Take the 2-minute tour ×
Stack Overflow is a question and answer site for professional and enthusiast programmers. It's 100% free, no registration required.

I have a bash script. I would like this script to do something different every time I call it (modulus three). Something like this :

First script call => echo "call 1"
Second script call => echo "call 2"
Third script call => echo "call 3"
Fourth script call => echo "call 1"
Fifth script call => echo "call 2"
Sixth script call => echo "call 3"
Seventh script call => echo "call 1"
...

What would be the simplest way to do this ?

Note that the script is not critical. For example : the counter can go back to one after a reboot :

...
n script call => echo "call 1"
n+1 script call => echo "call 2"
* reboot *
n+2 script call => echo "call 1"
...

is OK.

Thank you for your insights.

share|improve this question
2  
Are concurrent calls of this script expected? –  Goran Jovic Dec 30 '10 at 13:30
    
I am not sure I understand what you mean. If you mean : "the script can be called while another instance is running". The answer is : "no in a normal working case. And if there is, the cycle can be broken" –  almathie Dec 30 '10 at 13:37

2 Answers 2

up vote 0 down vote accepted

In Bash:

call=$(< call.txt)
case $call in
    0) do_thing_one;;
    1) do_thing_two;;
    2) do_thing_three;;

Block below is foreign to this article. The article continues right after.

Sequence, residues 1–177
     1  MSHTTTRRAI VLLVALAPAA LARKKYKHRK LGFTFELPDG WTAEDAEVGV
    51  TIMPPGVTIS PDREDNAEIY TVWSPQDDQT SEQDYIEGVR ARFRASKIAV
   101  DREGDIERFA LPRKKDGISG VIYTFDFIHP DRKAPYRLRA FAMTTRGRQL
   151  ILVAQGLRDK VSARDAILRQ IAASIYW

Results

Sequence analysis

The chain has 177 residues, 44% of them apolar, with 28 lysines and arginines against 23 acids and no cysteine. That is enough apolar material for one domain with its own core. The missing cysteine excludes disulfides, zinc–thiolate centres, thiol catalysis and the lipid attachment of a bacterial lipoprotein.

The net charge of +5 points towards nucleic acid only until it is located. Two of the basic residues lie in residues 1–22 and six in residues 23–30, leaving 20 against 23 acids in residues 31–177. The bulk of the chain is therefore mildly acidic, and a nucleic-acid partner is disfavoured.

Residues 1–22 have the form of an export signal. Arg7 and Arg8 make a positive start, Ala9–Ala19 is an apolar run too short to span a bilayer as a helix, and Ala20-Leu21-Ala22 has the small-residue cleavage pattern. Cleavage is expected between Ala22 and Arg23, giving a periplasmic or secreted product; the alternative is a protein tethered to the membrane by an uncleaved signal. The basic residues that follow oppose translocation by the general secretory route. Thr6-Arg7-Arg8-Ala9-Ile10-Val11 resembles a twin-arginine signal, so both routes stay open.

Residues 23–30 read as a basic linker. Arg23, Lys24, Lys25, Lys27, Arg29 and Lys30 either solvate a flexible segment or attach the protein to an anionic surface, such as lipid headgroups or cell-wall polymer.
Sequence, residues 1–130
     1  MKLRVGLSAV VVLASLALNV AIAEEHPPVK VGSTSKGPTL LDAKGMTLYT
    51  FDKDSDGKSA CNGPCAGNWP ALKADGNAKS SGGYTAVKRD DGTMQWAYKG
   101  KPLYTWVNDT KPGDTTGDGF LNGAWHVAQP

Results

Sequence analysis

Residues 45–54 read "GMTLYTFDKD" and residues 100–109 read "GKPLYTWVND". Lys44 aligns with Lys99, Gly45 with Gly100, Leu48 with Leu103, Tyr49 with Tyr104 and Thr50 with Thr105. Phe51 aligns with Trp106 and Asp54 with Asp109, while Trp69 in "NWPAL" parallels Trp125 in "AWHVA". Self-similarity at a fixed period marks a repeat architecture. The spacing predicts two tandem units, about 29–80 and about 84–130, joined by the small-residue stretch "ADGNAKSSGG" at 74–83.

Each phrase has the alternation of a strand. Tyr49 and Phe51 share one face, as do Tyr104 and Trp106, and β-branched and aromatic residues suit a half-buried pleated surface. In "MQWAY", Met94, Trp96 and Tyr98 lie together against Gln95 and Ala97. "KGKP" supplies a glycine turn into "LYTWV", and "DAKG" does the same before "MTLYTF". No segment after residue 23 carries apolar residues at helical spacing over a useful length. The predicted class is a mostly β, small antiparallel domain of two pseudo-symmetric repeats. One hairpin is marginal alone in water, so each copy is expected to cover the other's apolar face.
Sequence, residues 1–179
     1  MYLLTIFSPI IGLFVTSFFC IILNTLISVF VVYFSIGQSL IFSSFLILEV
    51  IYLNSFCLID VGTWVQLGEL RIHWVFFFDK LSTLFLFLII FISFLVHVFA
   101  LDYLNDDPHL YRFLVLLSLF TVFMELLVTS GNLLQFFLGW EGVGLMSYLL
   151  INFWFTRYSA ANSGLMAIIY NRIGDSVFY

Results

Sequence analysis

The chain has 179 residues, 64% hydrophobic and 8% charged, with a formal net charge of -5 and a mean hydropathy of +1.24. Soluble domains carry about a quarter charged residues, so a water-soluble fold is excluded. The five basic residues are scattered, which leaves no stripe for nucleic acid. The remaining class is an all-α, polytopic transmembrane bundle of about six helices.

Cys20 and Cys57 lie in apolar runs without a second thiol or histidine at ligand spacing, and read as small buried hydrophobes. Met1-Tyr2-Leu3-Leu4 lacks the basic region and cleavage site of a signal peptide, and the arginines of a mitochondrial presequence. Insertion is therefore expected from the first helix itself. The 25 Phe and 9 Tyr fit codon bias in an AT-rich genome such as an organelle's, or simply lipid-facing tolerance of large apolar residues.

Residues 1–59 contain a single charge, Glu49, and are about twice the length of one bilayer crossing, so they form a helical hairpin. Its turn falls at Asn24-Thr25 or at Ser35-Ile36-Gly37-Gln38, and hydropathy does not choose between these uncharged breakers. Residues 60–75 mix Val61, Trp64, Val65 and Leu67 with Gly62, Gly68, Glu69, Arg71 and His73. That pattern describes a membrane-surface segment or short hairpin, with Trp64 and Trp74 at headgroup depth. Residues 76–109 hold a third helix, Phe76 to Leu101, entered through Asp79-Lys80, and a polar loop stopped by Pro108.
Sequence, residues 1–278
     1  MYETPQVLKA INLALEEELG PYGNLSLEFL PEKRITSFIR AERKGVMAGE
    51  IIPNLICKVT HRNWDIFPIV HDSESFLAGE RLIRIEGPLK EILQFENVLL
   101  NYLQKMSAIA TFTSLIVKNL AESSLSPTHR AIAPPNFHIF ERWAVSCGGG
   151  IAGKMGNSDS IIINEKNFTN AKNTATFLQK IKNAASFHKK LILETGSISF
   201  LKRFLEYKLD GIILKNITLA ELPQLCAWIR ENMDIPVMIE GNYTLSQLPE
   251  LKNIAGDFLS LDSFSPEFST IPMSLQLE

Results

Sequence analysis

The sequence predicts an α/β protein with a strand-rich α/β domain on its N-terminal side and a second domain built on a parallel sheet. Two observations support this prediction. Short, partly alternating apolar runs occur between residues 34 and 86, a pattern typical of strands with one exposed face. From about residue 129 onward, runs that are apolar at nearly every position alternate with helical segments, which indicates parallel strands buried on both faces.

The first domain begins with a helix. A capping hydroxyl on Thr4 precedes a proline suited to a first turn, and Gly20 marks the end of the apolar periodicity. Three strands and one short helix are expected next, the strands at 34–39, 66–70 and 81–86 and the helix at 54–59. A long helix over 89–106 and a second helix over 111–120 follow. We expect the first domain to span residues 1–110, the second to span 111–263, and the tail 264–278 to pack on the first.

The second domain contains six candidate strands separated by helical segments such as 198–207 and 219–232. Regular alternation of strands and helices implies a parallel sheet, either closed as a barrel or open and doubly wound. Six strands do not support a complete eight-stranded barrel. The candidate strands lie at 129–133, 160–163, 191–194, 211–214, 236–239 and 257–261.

*) do_oops_thing;;
esac
echo $(( (call + 1) % 3 )) > call.txt
share|improve this answer

Easiest approach is probably to just store the value in a file

if [[ `grep 2 config.txt` ]]
then 
    #run stuff version 2
    echo 3 > config.txt # next run will be 3
elif [[ `grep 3 config.txt` ]]
then
    #run stuff version 3
    echo 1 > config.txt # next run will be 1
else
    #run stuff version 1
    echo 2 > config.txt # next run will be 2
fi
share|improve this answer
1  
Why not just export an environmental variable that is unset after the third iteration? –  Tim Post Dec 30 '10 at 13:43
1  
@Tim: Because env vars only propagate down the process hierarchy, you can't modify the caller's environment. –  Jester Dec 30 '10 at 14:37
    
@Tim, it could work only if the script is called with source script.sh or . script.sh i'd say a file is simpler. –  Paul Creasey Dec 30 '10 at 14:48
    
It's not necessary to use command substitution (the backticks should be $() anyway, by the way) and brackets. You can do if grep -qs ... or if grep ... > /dev/null 2>&1. –  Dennis Williamson Dec 30 '10 at 15:19
    
@Dennis, agreed $() is better than backticks, habit is hard to break! –  Paul Creasey Dec 30 '10 at 15:29

Your Answer

 
discard

By posting your answer, you agree to the privacy policy and terms of service.

Not the answer you're looking for? Browse other questions tagged or ask your own question.